Other entry requirements
Customs officials may ask you to show them a return ticket or proof of sufficient funds for your stay.
Children and travel
Learn about travel with children.
Learn about potential entry requirements related to yellow fever (vaccines section).
- Measles in Europe - April 25, 2019
Be sure that your routine vaccines, as per your province or territory, are up-to-date regardless of your travel destination.
Some of these vaccines include: measles-mumps-rubella (MMR), diphtheria, tetanus, pertussis, polio, varicella (chickenpox), influenza and others.
Vaccines to Consider
You may be at risk for these vaccine-preventable diseases while travelling in this country. Talk to your travel health professional about which ones are right for you.
Hepatitis B is a disease of the liver spread through blood or other bodily fluids. Travellers who may be exposed (e.g., through sexual contact, medical treatment, sharing needles, tattooing, acupuncture or occupational exposure) should get vaccinated.
Seasonal influenza occurs worldwide. The flu season usually runs from November to April in the northern hemisphere, between April and October in the southern hemisphere and year round in the tropics. Influenza (flu) is caused by a virus spread from person to person when they cough or sneeze or by touching objects and surfaces that have been contaminated with the virus. Get the flu shot.
Outbreaks of measles are ongoing.
Measles is a highly contagious viral disease that can cause serious complications for some people.
You are at increased risk of measles infection if you have not had the illness or if you are not up to date on your vaccinations.
- Tick-borne encephalitis is present in some areas of this country.
- It is a viral disease that affects the central nervous system (brain and spinal cord).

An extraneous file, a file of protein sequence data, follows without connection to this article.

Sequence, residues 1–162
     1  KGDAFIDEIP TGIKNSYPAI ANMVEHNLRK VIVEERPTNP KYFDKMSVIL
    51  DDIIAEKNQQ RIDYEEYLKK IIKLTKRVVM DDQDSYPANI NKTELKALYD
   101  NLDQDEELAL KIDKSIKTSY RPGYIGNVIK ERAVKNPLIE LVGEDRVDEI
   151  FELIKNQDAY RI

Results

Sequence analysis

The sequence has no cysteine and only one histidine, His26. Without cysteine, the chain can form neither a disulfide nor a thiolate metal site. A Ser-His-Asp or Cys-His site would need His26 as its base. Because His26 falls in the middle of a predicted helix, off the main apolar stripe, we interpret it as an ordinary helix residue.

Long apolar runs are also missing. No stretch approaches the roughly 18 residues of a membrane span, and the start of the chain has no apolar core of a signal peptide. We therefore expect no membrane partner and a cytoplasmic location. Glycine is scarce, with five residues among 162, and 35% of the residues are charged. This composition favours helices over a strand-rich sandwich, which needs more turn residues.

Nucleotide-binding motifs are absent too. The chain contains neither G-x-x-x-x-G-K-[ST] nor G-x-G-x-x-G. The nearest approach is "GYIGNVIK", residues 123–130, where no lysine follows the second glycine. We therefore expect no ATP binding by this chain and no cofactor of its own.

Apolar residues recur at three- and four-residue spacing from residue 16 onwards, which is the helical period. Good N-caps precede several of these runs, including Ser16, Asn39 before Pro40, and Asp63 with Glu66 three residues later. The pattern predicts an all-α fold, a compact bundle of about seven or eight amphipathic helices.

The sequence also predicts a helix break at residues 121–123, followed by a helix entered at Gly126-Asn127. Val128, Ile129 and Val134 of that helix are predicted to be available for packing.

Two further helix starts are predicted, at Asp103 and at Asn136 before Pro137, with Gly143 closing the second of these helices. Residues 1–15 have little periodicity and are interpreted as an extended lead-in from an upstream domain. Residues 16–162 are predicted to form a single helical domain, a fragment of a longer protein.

- It is spread to humans by the bite of infected ticks or when you consume unpasteurized milk products.
- Vaccination should be considered for those who may be exposed to ticks during outdoor activities.
- A vaccine against TBE does exist but is only available in countries where the disease is present.
- Learn more on what you can do to prevent tick-borne encephalitis (TBE)?
Yellow Fever - Country Entry Requirements
Yellow fever is a disease caused by a flavivirus from the bite of an infected mosquito.
Travellers get vaccinated either because it is required to enter a country or because it is recommended for their protection.
- There is no risk of yellow fever in this country.
Country Entry Requirement*
- Proof of vaccination is not required to enter this country.
- Vaccination is not recommended.
About Yellow Fever
Yellow Fever Vaccination Centres in Canada
* It is important to note that country entry requirements may not reflect your risk of yellow fever at your destination. It is recommended that you contact the nearest diplomatic or consular office of the destination(s) you will be visiting to verify any additional entry requirements.
Food and Water-borne Diseases
Travellers to any destination in the world can develop travellers' diarrhea from consuming contaminated water or food.
Practise safe food and water precautions while travelling in Western Europe. When in doubt, remember…boil it, cook it, peel it, or leave it!
Insects and Illness
Travellers are advised to take precautions against bites.
There is no risk of malaria in this country.
Animals and Illness
Travellers are cautioned to avoid contact with animals, including dogs, snakes, rodents, birds, and bats. Certain infections found in some areas in Western Europe, like rabies, can be shared between humans and animals.
Medical services and facilities
Health care is excellent in Finland.
Make sure you get travel insurance that includes coverage for medical evacuation and hospital stays.
Keep in Mind...
The decision to travel is the sole responsibility of the traveller. The traveller is also responsible for his or her own personal safety.